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Currency Market Analysis

Sep 08, 2021 | Currency Market Analysis

Global Themes

Extending a rebound, the U.S. dollar bounced to one-week highs against a basket of rivals. The buck rose to one-week peaks against the euro and sterling, and flirted with two- and four-week highs versus the loonie and yen. The dollar’s nascent turnaround from one-month lows stems from higher Treasury yields, market caution ahead of central bank meetings this week in Canada and Europe, and mounting worries about global growth. Last week’s mixed U.S. jobs report didn’t torpedo prospects for the Fed to reduce stimulus this year, with markets eyeing a policy taper to commence by November. No policy changes are expected from the Bank of Canada today ahead of a federal election on Sept. 20. The ECB Thursday is also expected to keep its powder dry despite area inflation running at 10-year highs. Low expectations for policy changes could translate into a greater risk of FX market volatility should either central bank surprise.


The euro slipped to one-week lows on caution ahead of an important rate meeting of the European Central Bank. The ECB on Thursday is not expected to signal any imminent changes in policy despite area inflation running a full percentage point above the central bank’s 2% goal. Policymakers have said that higher inflation will likely prove temporary. Reinforcing the steady outlook for European interest rates, a gauge of German investor confidence this week deteriorated for a fourth month in a row.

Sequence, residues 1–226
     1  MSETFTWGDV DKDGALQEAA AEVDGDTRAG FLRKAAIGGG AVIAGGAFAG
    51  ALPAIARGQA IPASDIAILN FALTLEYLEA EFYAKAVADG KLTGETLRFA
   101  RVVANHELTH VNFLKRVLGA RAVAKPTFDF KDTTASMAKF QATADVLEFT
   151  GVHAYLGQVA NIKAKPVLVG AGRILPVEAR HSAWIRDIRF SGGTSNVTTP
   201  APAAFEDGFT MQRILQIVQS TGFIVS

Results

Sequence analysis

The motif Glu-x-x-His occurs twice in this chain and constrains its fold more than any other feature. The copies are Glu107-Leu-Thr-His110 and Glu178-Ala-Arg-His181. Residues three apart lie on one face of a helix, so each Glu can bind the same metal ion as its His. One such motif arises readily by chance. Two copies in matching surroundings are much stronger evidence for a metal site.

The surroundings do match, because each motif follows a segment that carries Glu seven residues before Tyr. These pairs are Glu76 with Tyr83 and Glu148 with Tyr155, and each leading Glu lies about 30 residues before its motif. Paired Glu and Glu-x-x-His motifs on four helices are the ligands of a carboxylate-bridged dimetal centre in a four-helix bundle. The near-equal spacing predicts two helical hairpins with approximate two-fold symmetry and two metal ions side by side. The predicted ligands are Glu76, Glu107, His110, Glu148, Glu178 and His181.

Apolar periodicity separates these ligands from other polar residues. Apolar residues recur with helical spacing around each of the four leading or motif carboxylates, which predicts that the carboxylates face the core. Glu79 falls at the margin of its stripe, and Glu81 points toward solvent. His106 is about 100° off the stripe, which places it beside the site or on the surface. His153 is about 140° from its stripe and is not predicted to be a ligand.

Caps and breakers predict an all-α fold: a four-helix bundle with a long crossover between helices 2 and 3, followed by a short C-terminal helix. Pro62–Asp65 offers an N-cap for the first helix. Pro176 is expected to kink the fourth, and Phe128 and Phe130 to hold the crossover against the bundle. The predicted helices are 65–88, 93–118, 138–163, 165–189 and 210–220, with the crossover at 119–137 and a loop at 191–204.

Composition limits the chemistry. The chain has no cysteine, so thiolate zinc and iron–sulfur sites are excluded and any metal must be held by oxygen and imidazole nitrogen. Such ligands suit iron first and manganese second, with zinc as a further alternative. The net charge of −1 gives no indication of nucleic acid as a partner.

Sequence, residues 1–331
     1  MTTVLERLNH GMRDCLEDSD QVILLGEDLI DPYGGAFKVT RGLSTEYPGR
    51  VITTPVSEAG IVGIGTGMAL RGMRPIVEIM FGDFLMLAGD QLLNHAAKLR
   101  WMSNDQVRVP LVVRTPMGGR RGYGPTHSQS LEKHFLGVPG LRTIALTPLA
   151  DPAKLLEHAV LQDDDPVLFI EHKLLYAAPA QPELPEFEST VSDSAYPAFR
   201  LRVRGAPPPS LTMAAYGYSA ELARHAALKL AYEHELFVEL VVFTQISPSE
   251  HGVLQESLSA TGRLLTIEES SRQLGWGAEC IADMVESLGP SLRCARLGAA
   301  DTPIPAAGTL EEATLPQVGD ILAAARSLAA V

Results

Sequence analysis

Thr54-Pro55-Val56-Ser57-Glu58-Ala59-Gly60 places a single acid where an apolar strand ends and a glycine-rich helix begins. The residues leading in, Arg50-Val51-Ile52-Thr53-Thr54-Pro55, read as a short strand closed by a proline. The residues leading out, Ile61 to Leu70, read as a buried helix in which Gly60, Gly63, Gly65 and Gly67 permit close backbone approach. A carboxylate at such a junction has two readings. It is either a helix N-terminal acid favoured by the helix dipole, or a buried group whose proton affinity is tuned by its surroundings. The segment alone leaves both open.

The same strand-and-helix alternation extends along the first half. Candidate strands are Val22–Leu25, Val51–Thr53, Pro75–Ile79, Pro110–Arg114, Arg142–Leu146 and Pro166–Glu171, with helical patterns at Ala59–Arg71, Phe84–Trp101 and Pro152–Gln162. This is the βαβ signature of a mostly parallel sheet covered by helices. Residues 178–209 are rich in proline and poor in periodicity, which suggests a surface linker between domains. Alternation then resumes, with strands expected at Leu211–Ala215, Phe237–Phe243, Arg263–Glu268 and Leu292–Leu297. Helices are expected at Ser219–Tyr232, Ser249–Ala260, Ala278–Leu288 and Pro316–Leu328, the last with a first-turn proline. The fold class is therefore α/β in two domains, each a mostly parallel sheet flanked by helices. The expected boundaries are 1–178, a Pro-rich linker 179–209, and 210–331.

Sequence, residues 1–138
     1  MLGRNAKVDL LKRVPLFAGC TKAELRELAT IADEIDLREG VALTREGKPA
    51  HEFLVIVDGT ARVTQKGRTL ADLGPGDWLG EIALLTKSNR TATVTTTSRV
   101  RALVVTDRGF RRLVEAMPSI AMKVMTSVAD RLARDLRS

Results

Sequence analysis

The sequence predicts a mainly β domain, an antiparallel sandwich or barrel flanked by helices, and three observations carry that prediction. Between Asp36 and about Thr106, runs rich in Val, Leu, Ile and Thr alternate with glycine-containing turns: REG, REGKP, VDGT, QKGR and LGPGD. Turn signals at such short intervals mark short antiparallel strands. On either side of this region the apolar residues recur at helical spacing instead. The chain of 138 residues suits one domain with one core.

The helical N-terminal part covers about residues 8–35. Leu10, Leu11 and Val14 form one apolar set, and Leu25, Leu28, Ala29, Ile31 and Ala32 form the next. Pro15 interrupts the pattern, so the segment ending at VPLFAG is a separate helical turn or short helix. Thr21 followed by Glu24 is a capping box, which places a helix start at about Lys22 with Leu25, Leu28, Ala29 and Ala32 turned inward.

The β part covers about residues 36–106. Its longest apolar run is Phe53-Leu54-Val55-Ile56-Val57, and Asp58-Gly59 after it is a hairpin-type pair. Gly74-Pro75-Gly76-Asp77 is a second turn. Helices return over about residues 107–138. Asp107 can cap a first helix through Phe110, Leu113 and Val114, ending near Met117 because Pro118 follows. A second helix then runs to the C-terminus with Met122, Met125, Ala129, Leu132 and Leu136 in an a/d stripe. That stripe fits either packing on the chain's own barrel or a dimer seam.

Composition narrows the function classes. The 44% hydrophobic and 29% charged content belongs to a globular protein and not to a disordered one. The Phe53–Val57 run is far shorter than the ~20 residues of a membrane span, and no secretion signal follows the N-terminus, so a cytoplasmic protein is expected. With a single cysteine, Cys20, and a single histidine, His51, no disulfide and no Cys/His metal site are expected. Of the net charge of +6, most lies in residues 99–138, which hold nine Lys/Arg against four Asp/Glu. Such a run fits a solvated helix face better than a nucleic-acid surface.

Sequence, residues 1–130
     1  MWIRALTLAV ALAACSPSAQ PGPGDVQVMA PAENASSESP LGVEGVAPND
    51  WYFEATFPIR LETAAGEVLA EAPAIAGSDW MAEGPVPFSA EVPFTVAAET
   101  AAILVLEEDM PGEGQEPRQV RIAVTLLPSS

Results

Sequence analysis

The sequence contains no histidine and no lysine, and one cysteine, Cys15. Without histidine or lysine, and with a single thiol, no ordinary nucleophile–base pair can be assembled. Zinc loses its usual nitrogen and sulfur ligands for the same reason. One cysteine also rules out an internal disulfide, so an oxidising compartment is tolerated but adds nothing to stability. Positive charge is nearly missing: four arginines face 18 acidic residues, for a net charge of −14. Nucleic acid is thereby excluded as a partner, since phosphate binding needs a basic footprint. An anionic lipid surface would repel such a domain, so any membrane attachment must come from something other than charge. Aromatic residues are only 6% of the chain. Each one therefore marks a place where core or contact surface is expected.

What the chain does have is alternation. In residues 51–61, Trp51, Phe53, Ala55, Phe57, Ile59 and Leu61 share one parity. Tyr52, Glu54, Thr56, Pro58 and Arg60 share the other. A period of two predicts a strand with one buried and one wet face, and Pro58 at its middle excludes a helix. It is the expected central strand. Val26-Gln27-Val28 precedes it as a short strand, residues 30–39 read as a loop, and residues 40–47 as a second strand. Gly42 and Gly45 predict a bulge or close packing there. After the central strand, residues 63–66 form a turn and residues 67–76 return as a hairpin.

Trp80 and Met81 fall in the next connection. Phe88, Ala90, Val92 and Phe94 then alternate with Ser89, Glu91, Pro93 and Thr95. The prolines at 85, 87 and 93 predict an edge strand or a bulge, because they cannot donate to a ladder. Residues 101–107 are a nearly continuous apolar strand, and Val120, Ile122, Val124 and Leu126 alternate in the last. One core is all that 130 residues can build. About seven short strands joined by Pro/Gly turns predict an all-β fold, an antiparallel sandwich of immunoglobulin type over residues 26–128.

Sterling fell to one-week lows as the greenback extended a recovery and the UK government sought to raise taxes to help fight the health crisis. Higher taxes would offer more resources for Prime Minister Boris Johnson to tackle the pandemic, but they could also dampen recovery prospects and potentially lead the Bank of England to delay plans to raise borrowing rates from crisis lows.


Canada’s dollar fell to 12-day lows against the recovering U.S. dollar. For the loonie today, it’s all about the Bank of Canada when it issues a policy decision at 10 a.m. ET. No changes are expected in the run-up to the national election on Sept. 20. Key for the loonie will be whether Ottawa signals a loss of confidence in the economic outlook after the economy unexpectedly went backwards in the spring. The loonie faces another event risk in the country’s monthly jobs report on Friday that’s forecast to show the economy netted 100,000 jobs in August, slightly more than July.

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